In high-pressure homogenization using a piston-gap homogenizer, the suspension is pumped through a gap of a few microns width at very high pressure (>2000 bar). The cavitation and shear forces generated in this process cause the active ingredient particles to be comminuted. In wet grinding using a ball/bead mill, the suspension consisting of active ingredients and excipients is comminuted in a grinding chamber with the aid of milling beads at high rotation speeds. The milling beads used for this purpose are made of very hard materials, such as zirconium oxide. The active ingredient is crushed under the influence of the rotating grinding chamber by physical impacts with the milling beads.
The nanosuspensions can already be the final dosage form and can be administered orally, dermally, intramuscularly or subcutaneously, for example. A lyophilization of the nanosuspension is also possible, which can increase the storage stability. For application, the lyophilizate can then be reconstituted using a suitable medium.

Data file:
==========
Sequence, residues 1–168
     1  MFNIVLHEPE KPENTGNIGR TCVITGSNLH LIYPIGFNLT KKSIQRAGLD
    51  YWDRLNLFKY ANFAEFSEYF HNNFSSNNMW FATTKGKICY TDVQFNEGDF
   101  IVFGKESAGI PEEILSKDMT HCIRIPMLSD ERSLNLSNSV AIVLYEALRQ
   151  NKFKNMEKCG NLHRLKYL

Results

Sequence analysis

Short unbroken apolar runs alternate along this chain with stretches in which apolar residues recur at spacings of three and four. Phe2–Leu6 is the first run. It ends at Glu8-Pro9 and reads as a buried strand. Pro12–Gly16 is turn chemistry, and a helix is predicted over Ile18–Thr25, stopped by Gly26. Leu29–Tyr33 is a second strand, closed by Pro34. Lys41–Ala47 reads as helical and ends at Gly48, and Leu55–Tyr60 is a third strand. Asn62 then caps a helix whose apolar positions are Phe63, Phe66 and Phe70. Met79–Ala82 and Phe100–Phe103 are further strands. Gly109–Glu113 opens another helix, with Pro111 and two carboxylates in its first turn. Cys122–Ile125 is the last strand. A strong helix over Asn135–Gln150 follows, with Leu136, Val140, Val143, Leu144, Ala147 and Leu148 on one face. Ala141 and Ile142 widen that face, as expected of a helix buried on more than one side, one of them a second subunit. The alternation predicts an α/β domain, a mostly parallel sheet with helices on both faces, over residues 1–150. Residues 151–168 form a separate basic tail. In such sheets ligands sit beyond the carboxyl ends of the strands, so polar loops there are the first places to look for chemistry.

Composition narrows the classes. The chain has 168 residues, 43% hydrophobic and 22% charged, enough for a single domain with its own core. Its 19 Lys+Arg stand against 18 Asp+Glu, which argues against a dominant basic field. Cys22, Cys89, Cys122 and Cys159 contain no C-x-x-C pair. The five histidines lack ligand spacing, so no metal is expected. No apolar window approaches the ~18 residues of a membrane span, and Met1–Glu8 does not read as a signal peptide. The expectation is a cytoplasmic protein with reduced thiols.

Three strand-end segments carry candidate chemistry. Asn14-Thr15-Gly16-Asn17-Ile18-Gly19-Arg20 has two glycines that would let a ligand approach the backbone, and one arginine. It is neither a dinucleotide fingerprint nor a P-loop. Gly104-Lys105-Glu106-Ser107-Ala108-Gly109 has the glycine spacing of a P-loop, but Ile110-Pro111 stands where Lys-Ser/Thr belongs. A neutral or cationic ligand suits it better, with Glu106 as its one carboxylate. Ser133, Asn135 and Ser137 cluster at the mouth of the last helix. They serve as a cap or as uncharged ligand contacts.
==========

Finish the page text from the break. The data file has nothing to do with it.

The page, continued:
If you are interested in how the production and subsequent lyophilisation of a nanosuspension is carried out in our clean rooms, please watch the following video: media centre
The nanosuspensions can also be further processed: For oral administration by coating on pellets and filling into capsules or by granulation and further processing into tablets; in semi-solid dosage forms for dermal or nasal application. For this purpose, oleo- or hydrogels can be used for the formulation of the final dosage form.
Sterile nanosuspensions - a particular challenge
If nanosuspensions are to be administered in parenteral dosage forms, for example for subcutaneous or intramuscular application, the requirements for sterile products must be met. According to the European Pharmacopoeia, terminal sterilization in the final container is the preferred method of choice. Common methods are steam sterilization, sterilization with dry heat or by ionizing radiation.